Out of Sight But Not Out of Mind: PW4000-112" Legacy Lives On

Thursday, May 21, 2015

There is a Pratt & Whitney picture that, some say, is quite popular in the lore of Middletown Engine Center history. It is of the PW4000-112" engine, with an assembly mechanic dutifully standing behind it. The engine, the picture, and the mechanic all have a legacy here.

"That picture was taken [almost] 30 years ago out in a truck well," said Tommy Musumeci, who is the mechanic captured in the photograph. "And if you have seen it, you'll see there's no gray hair. Long hair, curly hair! And today, 36 years later, we've thinned out, we've got gray hair. Just like the engine, we've gotten older," Musumeci said with a laugh inside the Engine Center.

Musumeci is one of those guys you could talk to for hours about Pratt & Whitney history. And his famous picture decorated a wall in Middletown for years.

"Thirty-six years working for this company," he said reflectively. "It's contributed a lot to my life, you know?"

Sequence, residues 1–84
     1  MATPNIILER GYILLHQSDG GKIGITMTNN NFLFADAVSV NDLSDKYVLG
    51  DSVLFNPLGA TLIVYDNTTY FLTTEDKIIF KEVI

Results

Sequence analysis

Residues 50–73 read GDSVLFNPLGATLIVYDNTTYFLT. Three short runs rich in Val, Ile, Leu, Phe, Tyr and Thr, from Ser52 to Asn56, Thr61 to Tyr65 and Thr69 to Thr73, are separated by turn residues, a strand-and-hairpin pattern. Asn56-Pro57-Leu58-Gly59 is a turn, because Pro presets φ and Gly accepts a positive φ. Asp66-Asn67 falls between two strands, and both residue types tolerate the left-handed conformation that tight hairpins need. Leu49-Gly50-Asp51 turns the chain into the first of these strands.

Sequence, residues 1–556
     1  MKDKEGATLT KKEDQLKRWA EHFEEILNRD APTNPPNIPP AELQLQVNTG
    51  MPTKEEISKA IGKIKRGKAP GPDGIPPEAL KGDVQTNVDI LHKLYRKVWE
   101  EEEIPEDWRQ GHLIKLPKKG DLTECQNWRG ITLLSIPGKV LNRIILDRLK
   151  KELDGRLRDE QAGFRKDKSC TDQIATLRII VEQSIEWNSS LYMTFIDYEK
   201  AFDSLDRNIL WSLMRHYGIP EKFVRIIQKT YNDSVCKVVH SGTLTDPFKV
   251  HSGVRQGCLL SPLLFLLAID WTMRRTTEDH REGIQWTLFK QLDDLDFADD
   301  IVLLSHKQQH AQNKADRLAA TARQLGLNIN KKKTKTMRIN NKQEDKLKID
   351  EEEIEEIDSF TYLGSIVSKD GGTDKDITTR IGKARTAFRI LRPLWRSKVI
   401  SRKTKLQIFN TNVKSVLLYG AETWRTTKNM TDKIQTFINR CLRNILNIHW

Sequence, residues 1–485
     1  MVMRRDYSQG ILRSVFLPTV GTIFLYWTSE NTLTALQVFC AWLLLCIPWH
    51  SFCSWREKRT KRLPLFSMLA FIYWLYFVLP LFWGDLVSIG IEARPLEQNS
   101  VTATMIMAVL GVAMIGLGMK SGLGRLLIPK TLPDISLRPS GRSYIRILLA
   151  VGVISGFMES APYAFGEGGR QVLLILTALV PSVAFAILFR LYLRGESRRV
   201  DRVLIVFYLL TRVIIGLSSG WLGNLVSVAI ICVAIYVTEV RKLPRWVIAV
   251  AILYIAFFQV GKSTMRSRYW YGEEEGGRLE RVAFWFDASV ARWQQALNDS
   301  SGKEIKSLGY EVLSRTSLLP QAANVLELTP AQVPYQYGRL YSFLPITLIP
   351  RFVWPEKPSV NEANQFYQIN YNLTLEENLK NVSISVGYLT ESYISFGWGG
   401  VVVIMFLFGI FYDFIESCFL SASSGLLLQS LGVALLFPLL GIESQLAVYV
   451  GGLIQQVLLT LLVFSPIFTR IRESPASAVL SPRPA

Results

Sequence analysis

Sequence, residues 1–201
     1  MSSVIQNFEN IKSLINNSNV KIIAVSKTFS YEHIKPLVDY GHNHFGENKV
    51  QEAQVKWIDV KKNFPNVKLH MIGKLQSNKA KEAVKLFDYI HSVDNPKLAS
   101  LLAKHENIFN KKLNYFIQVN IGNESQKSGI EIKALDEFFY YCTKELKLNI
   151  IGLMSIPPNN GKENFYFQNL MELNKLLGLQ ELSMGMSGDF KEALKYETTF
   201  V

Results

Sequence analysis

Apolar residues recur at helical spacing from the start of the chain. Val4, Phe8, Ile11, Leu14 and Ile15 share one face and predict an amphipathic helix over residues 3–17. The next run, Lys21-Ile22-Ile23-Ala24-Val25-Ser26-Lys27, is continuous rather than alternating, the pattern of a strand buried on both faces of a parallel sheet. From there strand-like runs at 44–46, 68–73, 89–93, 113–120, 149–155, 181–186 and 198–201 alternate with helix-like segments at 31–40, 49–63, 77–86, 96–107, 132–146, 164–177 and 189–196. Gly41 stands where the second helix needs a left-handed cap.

He has had his capable hands on many engines, but it's clear he has a favorite. The last PW4000-112" was recently built and sent out of Middletown. While the engines will remain on wings for quite some time, it is the end of a powerful product built here that first launched in 1990.

"The engine was designed for us mechanics to work on them with less down time, that's the concept of the engine. I do go out to Boeing for field trips, and it's interesting to see our product come to life," Musumeci said.

The 112-inch version was the second derivative model in the PW4000 family, used for Boeing's 777. Musumeci now works on the GP7200 line, and said he's excited to see the birth of PurePower® production. But the impact of his work, his colleagues' work, on the PW4000 will continue.

So too will that famous picture. It still hangs on a wall in North Berwick, Maine, and he's been told it's getting new life in Singapore.

"We were the first engine to launch the 777 at Boeing. It was exciting on both companies' part. There was a lot of support for that engine. It was a big deal. New plane, new engine, everybody was excited to see this thing get off the ground," he said.